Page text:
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Cyclic testing of steel I-beams reinforced with GFRP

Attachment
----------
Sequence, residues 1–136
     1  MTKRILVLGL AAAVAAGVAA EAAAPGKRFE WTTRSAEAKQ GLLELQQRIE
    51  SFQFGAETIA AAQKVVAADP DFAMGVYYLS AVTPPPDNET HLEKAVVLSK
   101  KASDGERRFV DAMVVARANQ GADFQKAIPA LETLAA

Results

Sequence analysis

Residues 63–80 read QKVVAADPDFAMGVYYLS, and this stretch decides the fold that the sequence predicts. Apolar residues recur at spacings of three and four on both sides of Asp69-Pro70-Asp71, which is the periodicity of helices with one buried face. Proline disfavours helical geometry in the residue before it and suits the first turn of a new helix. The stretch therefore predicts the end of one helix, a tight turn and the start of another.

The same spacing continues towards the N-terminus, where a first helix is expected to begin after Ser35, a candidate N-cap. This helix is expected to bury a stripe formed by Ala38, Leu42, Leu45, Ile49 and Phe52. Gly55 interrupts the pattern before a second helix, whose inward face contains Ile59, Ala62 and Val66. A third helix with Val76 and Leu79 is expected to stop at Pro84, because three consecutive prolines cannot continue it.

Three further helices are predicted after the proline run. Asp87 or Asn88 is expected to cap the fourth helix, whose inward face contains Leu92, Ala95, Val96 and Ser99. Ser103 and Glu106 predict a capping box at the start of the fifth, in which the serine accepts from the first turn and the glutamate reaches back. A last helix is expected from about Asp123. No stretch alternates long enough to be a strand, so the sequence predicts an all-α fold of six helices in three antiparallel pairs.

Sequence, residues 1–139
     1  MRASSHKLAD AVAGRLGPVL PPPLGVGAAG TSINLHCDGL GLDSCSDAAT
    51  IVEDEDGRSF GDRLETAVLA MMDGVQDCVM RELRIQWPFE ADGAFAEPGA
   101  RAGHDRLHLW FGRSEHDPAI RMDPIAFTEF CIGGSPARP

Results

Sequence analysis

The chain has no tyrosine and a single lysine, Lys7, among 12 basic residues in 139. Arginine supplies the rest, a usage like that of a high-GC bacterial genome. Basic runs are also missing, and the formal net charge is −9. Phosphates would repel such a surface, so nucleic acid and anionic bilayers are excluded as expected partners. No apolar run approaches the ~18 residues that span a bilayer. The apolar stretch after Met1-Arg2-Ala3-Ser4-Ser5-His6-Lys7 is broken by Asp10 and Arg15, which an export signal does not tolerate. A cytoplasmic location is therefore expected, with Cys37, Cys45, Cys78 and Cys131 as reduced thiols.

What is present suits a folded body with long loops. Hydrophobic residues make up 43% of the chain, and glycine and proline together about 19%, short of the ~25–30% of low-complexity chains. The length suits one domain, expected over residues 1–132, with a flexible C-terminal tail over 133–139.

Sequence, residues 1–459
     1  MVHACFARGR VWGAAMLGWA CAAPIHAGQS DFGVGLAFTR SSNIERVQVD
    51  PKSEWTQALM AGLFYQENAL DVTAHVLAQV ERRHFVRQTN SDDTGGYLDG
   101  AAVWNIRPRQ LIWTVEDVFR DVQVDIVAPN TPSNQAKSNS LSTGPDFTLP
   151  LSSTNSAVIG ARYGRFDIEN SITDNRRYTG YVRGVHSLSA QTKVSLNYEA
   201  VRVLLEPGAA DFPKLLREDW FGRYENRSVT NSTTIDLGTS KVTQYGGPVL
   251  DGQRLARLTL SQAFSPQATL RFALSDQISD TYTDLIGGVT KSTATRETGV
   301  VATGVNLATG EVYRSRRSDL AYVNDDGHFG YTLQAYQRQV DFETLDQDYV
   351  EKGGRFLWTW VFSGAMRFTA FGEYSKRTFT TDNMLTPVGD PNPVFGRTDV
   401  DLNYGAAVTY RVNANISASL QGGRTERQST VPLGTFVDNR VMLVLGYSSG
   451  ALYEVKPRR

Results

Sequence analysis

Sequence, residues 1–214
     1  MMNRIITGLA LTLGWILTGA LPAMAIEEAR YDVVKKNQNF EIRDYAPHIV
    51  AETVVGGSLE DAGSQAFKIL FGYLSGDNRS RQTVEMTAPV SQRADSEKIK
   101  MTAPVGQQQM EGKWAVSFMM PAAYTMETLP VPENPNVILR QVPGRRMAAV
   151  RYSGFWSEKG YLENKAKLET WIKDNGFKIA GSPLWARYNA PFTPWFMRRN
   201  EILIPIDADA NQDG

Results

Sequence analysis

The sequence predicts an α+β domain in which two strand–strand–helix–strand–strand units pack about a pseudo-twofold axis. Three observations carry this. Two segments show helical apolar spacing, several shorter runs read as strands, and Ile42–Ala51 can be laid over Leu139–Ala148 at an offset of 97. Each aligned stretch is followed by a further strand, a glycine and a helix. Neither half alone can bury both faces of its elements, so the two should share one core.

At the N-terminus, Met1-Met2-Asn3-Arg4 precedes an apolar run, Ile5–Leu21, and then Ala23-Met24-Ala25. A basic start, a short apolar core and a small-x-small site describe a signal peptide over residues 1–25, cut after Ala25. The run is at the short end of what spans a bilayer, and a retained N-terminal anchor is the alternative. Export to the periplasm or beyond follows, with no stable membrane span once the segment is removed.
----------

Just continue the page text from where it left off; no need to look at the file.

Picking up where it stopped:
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Flange and web local buckling in beam plastic hinge regions of steel moment frames can prevent beam-column connections from achieving adequate plastic rotations under earthquake-induced forces. This threat is especially valid for existing steel moment frame buildings with beams that lack adequate flange/web slenderness ratios. As the use of fiber reinforced polymers (FRP) have increased in strengthening and repair of steel members in recent years, using FRPs in stabilizing local instabilities have also attracted attention. Previous computational studies have shown that longitudinally oriented glass FRP (GFRP) strips may serve to moderately brace beam flanges against the occurrence of local buckling during plastic hinging. An experimental study was conducted at Izmir Institute of Technology investigating the effects of GFRP reinforcement on local buckling behavior of existing steel I-beams with flange slenderness ratios (FSR) exceeding the slenderness limits set forth in current seismic design specifications and modified by a bottom flange triangular welded haunch. Four European HE400AA steel beams with a depth/width ratio of 1.26 and FSR of 11.4 were cyclically loaded up to 4% rotation in a cantilever beam test set-up. Both bare beams and beams with GFRP sheets were tested in order to investigate the contribution of GFRP sheets in mitigating local flange buckling. Different configurations of GFRP sheets were considered. The tests have shown that GFRP reinforcement can moderately mitigate inelastic flange local buckling.